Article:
Erythema Multiforme



  • Erythema multiforme (EM) is an acute, self-limited mucocutaneous eruption characterized by distinct targetoid lesions on the skin.
  • Although classically defined by the presence of target lesions, at various stages of evolution, EM may appear as erythematous macules, papules, vesicles, or bullae.
  • EM is considered an immune-mediated reaction, usually to infectious triggers; numerous additional triggers have been reported in the literature.
  • Ranges from relatively mild cutaneous disease (EM minor) to severe forms with significant mucosal involvement (EM major)
  • Historically viewed as a spectrum of diseases, most authors now regard EM to be a separate entity from Stevens-Johnson syndrome (SJS) and toxic epidermal necrolysis (TEN). SJS and TEN are distinguished from EM by differing patterns of mucocutaneous involvement, precipitating factors, and prognosis.


  • Predominantly affects healthy young adults but can affect people of all ages, including young children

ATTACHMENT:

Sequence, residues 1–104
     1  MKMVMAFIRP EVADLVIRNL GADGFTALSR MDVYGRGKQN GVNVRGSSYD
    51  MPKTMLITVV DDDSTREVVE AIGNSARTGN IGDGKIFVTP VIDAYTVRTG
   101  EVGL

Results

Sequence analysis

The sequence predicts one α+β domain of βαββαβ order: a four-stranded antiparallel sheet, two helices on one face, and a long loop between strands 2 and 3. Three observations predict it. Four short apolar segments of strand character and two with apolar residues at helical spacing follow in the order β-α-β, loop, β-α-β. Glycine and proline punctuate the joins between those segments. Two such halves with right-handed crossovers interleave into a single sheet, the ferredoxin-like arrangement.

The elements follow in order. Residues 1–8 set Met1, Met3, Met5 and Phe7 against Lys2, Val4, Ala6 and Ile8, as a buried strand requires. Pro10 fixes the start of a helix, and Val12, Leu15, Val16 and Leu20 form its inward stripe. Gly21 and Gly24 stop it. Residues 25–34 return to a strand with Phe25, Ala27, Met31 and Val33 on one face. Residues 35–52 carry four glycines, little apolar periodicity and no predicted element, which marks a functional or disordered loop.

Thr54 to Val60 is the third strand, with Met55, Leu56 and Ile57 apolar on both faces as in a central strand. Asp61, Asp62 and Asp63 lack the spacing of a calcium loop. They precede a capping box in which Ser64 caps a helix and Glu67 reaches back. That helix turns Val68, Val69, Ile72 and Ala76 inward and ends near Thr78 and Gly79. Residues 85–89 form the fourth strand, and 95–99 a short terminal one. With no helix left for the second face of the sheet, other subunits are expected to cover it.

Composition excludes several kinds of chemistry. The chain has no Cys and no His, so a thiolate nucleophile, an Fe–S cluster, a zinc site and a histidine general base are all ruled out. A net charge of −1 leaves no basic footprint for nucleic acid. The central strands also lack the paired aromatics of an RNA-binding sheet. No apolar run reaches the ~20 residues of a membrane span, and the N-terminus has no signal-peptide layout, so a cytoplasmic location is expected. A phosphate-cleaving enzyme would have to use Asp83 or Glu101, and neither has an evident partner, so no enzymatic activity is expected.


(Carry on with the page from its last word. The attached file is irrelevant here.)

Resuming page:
• Possible seasonal variation with increased frequency in spring and summer. The more severe form has been reported to occur more frequently in winter.
  • Recurrences are common.


  • ~90% of cases are caused by an infectious agent, most commonly herpes simplex virus (HSV) or Mycoplasma pneumoniae.
  • <10% of cases are secondary to drug exposure. Common culprits include NSAIDs, sulfonamides, antiepileptics, and antibiotics.
  • Reported causes are numerous. Rare precipitants include the following:
    • Chemical and physical exposures
    • Immunizations
    • Autoimmune disease
  • Often, the causative factor is not identified.
  • HSV is the major cause of recurrent EM.
  • M. pneumoniae is associated with a distinct phenotype in children, characterized by more severe mucosal involvement, particularly oral and ocular, with less severe cutaneous findings. The term Mycoplasma-induced rash and mucositis, (MIRM) has been proposed to describe this particular presentation.

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